Statutory address and listed building record revised in 2021. Previously listed as 'The Cottage, Hillside Coachhouse Stable and Groom's House'.



Canmore: CANMORE ID 251187


Ordnance Survey (surveyed 1861-63, published 1863) Forfarshire XXVIII.10 (Montrose). 25 inches to the mile. 1st Edition. Southampton: Ordnance Survey.

Ordnance Survey (revised 1901, published 1904) Forfarshire XXVIII.10 (Montrose; St Cyrus). 25 inches to the mile. 2nd Edition. Southampton: Ordnance Survey.

Ordnance Survey (1966) 1:2,500 map. Southampton: Ordnance Survey.

Ordnance Survey (1984) 1:2,500 map. Southampton: Ordnance Survey.

Printed Sources

White, R. (2017) Cottages Ornés: The charms of the simple life. London: Yale University Press, pp.59, 147-49.

Online Sources

Angus Council Planning Portal, at [accessed 09/03/2021].

Ordnance Survey Name Book (1857-61) Forfarshire (Angus) volume 72, OS1/14/72/17, p.17 available at [accessed 10/12/2020].

Other Information

Further information provided courtesy of the owner.

About Listed Buildings

Historic Environment Scotland is responsible for designating sites and places at the national level. These designations are Scheduled monuments, Listed buildings, Inventory of gardens and designed landscapes and Inventory of historic battlefields.

We make recommendations to the Scottish Government about historic marine protected areas, and the Scottish Ministers decide whether to designate.

Listing is the process that identifies, designates and provides statutory protection for buildings of special architectural or historic interest as set out in the Planning (Listed Buildings and Conservation Areas) (Scotland) Act 1997.

We list buildings which are found to be of special architectural or historic interest using the selection guidance published in Designation Policy and Selection Guidance (2019)

Listed building records provide an indication of the special architectural or historic interest of the listed building which has been identified by its statutory address. The description and additional information provided are supplementary and have no legal weight.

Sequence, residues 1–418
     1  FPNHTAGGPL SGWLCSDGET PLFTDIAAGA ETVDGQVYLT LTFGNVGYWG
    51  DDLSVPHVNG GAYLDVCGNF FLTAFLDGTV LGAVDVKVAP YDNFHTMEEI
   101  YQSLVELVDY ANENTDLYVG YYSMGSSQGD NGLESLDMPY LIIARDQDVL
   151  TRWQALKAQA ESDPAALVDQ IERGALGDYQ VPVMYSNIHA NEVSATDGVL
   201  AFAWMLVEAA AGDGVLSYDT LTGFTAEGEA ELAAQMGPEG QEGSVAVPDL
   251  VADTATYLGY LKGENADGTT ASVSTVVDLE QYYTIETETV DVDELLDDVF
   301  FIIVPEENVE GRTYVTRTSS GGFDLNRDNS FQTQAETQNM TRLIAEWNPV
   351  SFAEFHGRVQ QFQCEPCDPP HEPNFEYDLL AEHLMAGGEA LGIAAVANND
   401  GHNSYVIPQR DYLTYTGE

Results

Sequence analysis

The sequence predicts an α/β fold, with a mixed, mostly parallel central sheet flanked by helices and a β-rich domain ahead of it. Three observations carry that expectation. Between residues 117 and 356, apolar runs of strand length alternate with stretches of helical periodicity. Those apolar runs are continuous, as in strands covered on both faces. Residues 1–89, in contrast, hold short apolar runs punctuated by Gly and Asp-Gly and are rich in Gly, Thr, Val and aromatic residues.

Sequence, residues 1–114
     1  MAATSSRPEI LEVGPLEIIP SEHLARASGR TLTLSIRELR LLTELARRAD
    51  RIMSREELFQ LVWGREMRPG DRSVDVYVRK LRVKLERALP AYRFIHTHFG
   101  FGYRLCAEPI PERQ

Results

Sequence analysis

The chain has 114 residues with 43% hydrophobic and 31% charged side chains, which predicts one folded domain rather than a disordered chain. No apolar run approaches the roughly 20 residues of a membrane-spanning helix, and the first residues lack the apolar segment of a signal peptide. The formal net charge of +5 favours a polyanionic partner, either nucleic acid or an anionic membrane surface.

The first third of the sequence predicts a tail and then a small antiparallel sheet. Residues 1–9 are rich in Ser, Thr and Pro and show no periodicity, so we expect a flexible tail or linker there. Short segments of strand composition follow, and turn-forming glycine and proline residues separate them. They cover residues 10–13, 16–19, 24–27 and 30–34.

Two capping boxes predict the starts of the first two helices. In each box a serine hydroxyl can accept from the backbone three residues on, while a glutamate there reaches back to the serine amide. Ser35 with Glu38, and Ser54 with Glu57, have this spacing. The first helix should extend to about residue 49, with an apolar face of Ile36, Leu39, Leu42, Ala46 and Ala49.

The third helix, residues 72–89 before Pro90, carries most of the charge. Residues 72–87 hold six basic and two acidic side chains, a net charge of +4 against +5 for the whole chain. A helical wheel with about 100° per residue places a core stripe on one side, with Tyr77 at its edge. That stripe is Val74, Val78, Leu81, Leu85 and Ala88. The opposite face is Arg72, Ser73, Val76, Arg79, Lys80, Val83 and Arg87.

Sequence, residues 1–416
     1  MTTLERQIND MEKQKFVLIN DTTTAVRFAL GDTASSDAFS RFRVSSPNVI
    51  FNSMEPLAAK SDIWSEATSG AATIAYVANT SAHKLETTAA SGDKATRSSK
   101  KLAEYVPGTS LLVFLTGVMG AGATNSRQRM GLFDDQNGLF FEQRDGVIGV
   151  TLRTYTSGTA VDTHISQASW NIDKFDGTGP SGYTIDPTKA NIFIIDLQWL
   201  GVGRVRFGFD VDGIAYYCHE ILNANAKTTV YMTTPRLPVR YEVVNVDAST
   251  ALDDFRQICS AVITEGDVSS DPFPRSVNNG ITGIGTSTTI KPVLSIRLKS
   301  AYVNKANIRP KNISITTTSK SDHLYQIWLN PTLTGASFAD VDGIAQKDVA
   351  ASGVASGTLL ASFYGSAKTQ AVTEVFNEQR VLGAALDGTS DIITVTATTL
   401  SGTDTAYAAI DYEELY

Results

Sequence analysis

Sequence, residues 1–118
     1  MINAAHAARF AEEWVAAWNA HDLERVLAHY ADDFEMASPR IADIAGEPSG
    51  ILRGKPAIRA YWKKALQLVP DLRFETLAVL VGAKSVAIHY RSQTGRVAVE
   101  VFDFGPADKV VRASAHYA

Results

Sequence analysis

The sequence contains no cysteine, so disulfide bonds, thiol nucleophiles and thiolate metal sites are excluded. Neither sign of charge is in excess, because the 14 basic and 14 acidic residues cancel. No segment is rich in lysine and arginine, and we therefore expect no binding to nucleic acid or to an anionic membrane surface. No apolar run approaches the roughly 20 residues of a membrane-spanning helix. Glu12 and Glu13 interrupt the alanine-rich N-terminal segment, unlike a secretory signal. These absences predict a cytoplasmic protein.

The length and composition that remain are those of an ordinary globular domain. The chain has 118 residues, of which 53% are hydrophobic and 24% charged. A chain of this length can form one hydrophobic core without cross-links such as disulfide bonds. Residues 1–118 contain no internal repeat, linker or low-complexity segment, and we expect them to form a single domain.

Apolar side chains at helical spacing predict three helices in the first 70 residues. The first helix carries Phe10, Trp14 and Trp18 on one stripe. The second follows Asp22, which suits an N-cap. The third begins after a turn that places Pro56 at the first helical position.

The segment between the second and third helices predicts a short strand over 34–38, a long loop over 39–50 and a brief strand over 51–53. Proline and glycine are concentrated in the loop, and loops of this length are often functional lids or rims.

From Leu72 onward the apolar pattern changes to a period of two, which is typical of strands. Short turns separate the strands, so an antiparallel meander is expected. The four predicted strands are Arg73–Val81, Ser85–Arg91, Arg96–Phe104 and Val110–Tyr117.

These records are not definitive historical accounts or a complete description of the building(s). If part of a building is not described it does not mean it is not listed. The format of the listed building record has changed over time. Earlier records may be brief and some information will not have been recorded.

The legal part of the listing is the address/name of site which is known as the statutory address. Other than the name or address of a listed building, further details are provided for information purposes only. Historic Environment Scotland does not accept any liability for any loss or damage suffered as a consequence of inaccuracies in the information provided. Addresses and building names may have changed since the date of listing. Even if a number or name is missing from a listing address it will still be listed. Listing covers both the exterior and the interior and any object or structure fixed to the building. Listing also applies to buildings or structures not physically attached but which are part of the curtilage (or land) of the listed building as long as they were erected before 1 July 1948.

While Historic Environment Scotland is responsible for designating listed buildings, the planning authority is responsible for determining what is covered by the listing, including what is listed through curtilage. However, for listed buildings designated or for listings amended from 1 October 2015, legal exclusions to the listing may apply.

If part of a building is not listed, it will say that it is excluded in the statutory address and in the statement of special interest in the listed building record. The statement will use the word 'excluding' and quote the relevant section of the 1997 Act. Some earlier listed building records may use the word 'excluding', but if the Act is not quoted, the record has not been revised to reflect subsequent legislation.

Listed building consent is required for changes to a listed building which affect its character as a building of special architectural or historic interest. The relevant planning authority is the point of contact for applications for listed building consent.

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Printed: 21/05/2024 14:21